From an ecological perspective, daily activities are both causes and consequences of youth development. As causes, daily activities represent distinct sets of socialization experiences that afford opportunities to acquire new competencies and behavioral patterns. As consequences, daily activities reflect youth's force and resource characteristics, including developmental status, temperament and motivation, and pre-existing levels of adjustment. An ecological perspective also highlights the role of the larger sociocultural context in shaping and conditioning the links between daily activities and youth development. In this article, we draw on research with children and adolescents to consider how an ecological perspective can provide a flexible framework for studying time use as a developmental phenomenon. We also discuss methodological issues and suggest research that should be conducted in this broad area.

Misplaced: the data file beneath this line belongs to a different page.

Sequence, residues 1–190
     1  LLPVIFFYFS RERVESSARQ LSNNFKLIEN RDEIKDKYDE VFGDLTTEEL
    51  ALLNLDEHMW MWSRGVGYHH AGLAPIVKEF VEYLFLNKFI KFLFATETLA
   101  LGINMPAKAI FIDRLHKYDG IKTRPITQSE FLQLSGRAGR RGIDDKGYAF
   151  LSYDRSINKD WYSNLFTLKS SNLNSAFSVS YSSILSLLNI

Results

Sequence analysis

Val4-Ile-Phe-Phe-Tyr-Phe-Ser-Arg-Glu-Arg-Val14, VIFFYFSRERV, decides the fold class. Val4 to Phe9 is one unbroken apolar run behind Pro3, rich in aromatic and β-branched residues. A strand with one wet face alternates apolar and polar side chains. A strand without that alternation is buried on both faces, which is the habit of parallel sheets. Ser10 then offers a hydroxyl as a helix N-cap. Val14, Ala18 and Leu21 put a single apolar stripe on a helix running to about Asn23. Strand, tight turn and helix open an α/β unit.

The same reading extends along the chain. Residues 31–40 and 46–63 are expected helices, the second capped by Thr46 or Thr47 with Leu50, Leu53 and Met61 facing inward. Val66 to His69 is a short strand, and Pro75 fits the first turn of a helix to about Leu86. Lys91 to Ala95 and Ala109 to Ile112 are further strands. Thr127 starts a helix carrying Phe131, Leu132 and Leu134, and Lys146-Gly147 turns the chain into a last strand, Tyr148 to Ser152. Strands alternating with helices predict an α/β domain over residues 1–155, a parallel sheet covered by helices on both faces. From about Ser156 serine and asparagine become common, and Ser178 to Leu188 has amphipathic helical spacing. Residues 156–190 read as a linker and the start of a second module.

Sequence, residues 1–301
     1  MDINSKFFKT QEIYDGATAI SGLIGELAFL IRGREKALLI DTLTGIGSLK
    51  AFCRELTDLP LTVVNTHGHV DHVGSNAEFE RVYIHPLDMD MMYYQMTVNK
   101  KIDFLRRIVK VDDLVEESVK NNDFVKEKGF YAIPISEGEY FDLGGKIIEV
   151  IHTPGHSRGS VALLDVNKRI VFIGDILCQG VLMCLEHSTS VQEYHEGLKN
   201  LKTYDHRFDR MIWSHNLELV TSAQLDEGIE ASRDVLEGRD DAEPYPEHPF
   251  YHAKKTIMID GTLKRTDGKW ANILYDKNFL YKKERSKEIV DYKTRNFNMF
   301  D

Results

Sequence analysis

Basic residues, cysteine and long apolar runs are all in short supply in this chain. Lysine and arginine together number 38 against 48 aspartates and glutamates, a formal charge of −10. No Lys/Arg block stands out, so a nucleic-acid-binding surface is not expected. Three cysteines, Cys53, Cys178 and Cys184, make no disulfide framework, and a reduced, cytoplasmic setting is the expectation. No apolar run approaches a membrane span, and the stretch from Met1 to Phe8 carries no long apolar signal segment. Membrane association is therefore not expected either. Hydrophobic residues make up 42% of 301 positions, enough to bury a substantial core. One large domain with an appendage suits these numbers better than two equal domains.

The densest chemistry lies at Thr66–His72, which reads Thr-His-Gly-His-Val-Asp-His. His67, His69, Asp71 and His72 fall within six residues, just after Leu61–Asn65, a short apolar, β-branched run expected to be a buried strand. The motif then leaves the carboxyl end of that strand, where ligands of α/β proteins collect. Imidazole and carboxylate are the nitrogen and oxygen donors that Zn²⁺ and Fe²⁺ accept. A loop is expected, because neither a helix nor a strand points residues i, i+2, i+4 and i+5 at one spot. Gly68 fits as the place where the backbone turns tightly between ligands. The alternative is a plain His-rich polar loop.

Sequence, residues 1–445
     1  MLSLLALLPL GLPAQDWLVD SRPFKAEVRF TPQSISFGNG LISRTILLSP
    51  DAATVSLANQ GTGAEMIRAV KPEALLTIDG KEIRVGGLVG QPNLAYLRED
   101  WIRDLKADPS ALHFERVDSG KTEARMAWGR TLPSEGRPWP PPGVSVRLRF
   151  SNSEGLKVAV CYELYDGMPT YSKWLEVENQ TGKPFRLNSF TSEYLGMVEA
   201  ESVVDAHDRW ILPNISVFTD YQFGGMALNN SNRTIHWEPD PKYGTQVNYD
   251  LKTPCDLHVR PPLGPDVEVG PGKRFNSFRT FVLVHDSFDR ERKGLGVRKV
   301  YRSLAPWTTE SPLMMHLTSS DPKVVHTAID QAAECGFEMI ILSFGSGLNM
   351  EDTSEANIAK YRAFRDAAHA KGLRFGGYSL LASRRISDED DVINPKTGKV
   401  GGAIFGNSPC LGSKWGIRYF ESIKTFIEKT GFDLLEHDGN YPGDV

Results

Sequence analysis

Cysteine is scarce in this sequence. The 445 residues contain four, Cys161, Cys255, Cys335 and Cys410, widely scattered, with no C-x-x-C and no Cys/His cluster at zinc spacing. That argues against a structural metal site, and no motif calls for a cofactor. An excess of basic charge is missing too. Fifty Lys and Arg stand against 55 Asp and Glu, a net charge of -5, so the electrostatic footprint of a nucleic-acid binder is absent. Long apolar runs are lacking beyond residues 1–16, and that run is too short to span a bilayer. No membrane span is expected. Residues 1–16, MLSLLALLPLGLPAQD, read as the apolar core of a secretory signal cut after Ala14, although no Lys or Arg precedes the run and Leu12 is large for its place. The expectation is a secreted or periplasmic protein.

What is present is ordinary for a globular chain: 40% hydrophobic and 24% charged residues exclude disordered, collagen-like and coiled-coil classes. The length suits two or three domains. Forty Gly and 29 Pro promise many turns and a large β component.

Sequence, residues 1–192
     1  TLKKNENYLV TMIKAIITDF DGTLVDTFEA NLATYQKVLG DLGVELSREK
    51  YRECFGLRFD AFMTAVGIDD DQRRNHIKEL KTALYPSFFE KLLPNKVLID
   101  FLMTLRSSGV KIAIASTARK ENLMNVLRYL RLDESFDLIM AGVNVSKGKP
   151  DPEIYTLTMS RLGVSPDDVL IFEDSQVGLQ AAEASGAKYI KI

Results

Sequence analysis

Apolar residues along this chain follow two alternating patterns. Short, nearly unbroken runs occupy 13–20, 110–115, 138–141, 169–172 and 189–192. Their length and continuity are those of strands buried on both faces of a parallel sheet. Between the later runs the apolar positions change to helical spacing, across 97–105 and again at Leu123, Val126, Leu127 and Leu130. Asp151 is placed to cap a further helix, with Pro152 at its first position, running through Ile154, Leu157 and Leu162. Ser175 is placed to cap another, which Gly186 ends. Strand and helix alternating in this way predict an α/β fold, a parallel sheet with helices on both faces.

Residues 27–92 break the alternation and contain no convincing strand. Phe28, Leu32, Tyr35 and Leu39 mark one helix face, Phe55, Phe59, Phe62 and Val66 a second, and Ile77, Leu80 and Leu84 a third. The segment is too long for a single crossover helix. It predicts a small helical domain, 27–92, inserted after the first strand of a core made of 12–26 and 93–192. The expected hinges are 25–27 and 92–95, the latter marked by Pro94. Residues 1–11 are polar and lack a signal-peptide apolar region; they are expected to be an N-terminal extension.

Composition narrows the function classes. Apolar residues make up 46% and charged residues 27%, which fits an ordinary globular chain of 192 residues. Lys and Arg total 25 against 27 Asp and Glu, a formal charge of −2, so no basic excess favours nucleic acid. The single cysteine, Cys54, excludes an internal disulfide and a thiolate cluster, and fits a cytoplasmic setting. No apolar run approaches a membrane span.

All Science Journal Classification (ASJC) codes
- Pediatrics, Perinatology, and Child Health
- Developmental and Educational Psychology
- Life-span and Life-course Studies